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Young men and fire: Hiking with ghosts along a literary trail

B Y   C L I F F   R O W E ,   P R O F E S S O R   O F   C O M M U N I C A T I O N S

Eric Thomas '82 and I went to Montana this summer to hike with ghosts we had come to know on a literary trail.
      Norman Maclean had introduced them to us in his book "Young Men and Fire," completed shortly after his death in 1987.
      In that book, Maclean, also the author of "A River Runs Through It," described how 13 young smokejumpers died attempting to run from a fire that swept into an area of Montana wilderness known as Mann Gulch on a hot August day in 1949. Three others in their crew survived.
      Thomas, a communication major and now editorial page editor of The Bellingham Herald, and I had discovered a couple of years ago that we had reacted the same as we'd read the book. Maclean's analysis of the fire and vivid description of the young men's desperate effort to escape it had stirred our imaginations.
      We wanted to explore that gulch and climb its steep flanks. We wanted to follow the escape route that ends for all but one of the 13 victims within yards of a ridge top amid a scattered cluster of crosses and small marble posts bearing their names and marking where each fell.
      So we scheduled a July trip to Mann Gulch in the Gates of the Mountains Wilderness north of Helena.
      On a tour boat, we passed through the narrow, cliff-flanked canyon of the Missouri River that gives the wilderness its name and disembarked at Meriweather Canyon, a short distance upstream from the gulch.
      As soon as we had set up our tent a mile upstream, we sought out the head of the one-mile trail that rises steeply from the canyon to the ridge above it, and climbed to a point from which we looked down into Mann Gulch.
      The ranger at the Meriweather Canyon guard station had done that on Aug. 5, 1949, as he had gone up to take a look at the fire that he knew lightning had ignited in the gulch the day before. From the ridge top, he could see it burning to his left at the end of the ridge above the Missouri River.
      To his right, at the high end of the gulch away from the river, the 16 smokejumpers would land at approximately 4:10 that afternoon, pick up their tools and start down the gulch toward what was still considered a routine fire.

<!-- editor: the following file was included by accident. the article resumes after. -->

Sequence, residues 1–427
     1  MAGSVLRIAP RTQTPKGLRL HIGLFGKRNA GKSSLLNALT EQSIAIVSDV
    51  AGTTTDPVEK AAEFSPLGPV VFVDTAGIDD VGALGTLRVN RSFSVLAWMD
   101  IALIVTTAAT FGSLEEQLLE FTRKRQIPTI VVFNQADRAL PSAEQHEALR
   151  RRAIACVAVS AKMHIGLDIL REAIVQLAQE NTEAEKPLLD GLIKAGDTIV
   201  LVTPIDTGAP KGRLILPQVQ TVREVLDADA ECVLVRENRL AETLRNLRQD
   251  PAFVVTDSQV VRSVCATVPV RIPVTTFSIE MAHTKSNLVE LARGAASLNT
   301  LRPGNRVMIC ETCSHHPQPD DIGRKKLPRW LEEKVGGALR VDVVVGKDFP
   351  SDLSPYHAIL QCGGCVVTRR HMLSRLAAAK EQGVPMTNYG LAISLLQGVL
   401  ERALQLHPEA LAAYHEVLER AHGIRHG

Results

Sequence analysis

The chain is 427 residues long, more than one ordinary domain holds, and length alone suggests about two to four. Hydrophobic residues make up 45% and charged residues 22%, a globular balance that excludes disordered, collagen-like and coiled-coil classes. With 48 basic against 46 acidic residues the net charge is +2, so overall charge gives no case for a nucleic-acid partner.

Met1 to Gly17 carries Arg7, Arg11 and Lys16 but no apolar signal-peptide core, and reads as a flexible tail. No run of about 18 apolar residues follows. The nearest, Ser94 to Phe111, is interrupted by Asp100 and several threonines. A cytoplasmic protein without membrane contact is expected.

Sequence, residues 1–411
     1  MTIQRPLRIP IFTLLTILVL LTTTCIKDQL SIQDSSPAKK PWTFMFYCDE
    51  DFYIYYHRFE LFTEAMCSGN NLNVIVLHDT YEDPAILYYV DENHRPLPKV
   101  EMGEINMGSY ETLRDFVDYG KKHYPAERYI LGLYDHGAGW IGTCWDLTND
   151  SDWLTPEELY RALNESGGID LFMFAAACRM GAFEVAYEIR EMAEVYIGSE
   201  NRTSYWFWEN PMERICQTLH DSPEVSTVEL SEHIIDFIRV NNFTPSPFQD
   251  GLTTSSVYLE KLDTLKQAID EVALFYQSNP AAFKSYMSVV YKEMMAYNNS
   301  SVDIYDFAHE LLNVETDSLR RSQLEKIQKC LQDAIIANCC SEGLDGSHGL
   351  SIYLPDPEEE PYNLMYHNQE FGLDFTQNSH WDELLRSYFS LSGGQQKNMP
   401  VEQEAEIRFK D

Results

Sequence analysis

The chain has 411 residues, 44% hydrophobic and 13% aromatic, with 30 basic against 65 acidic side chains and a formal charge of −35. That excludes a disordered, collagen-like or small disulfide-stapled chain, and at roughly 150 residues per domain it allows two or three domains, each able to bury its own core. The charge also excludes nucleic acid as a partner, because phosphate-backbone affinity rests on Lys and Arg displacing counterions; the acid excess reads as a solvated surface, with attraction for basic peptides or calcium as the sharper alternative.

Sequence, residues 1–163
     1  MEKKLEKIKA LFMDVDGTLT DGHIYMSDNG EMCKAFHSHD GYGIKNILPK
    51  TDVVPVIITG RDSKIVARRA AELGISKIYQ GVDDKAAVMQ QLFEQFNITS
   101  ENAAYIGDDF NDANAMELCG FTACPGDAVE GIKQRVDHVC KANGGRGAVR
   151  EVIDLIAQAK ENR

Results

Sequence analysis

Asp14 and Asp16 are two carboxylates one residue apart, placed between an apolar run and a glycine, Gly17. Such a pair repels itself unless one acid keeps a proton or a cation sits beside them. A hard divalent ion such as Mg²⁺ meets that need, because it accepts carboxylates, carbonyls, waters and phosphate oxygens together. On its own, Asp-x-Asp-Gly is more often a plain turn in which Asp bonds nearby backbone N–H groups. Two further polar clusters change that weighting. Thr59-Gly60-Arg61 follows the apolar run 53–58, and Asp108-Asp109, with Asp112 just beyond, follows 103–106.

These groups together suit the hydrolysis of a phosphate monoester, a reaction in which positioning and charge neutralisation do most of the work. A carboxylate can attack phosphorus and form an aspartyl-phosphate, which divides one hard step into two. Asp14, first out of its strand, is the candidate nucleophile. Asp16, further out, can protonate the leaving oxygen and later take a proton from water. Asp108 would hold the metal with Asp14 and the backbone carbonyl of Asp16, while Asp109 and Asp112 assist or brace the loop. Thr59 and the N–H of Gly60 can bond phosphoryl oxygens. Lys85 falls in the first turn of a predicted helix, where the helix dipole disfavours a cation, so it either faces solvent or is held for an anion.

As they proceeded into the gulch and worked their way along the bottom of its steep north flank toward the river, winds near the river plucked bits of fire from the south ridge and dropped them into the gulch, igniting new fires. Rising winds fanned them up the gulch toward the approaching smokejumpers.
      The crew's foreman, Wag Dodge, realizing what was happening, turned the men around within a few hundred yards of the oncoming fire at approximately 5:45 pm.
      Eight minutes later, as they worked their way back up the gulch, at the same time angling toward the ridge above them, the foreman ordered them to drop their tools and run for their lives.
      Those who have analzed the fire estimate it was only three minutes later and 300 yards further up the ridge that the slowest of the young men was overtaken and killed.
      One minute later the fastest were caught.
      From the summit of the south ridge, Eric and I relived that story as we looked down into Mann Gulch.
      Referring to topographical maps and the charts, photos and descriptions in Maclean's book, we identified the broad slope toward the head of the gulch where the smokejumpers had landed, the approximate route they had taken down the gulch and where they had turned back.
      Our eyes moved up the opposite ridge to the area where the men must have died, but even with binoculars we saw no crosses among the tall grass and the few bushes and trees.
      We scrambled down the south ridge into the bottom of the gulch and began working up the north ridge at a diagonal, much as the doomed smokejumpers had.
      We sweated and struggled, even while realizing that our day with its temperature in the low 80s and gentle breeze was nothing like that 90-plus-degree day Dodge and his crew had experienced.
      We slipped on the tall, matted grass and tripped and stumbled across fields of shattered, scattered rock. Then, across a shallow gully beyond the charred remnant of a tree snag, we saw the first cross. And a short distance above that, a second.
      The climb became an ordeal. My thigh muscles cramped so badly I had to lie down to relax them. We pushed on, past those crosses nearest the top of the ridge and then over the ridge itself and into the next gulch.
      There we found the cross of the one smokejumper who had made it out of Mann Gulch only to die later in a hospital.
      As we sat atop the north ridge recapturing our wind and strength, we appreciated even more the detail with which Maclean had described that race between young men and fire.
      His words had told us eloquently of fear and desperation. Now both were more real to us.
      We also knew more about the power of descriptive writing. This place had not been totally new. We had been here before, and the ghosts with us had familiar faces.

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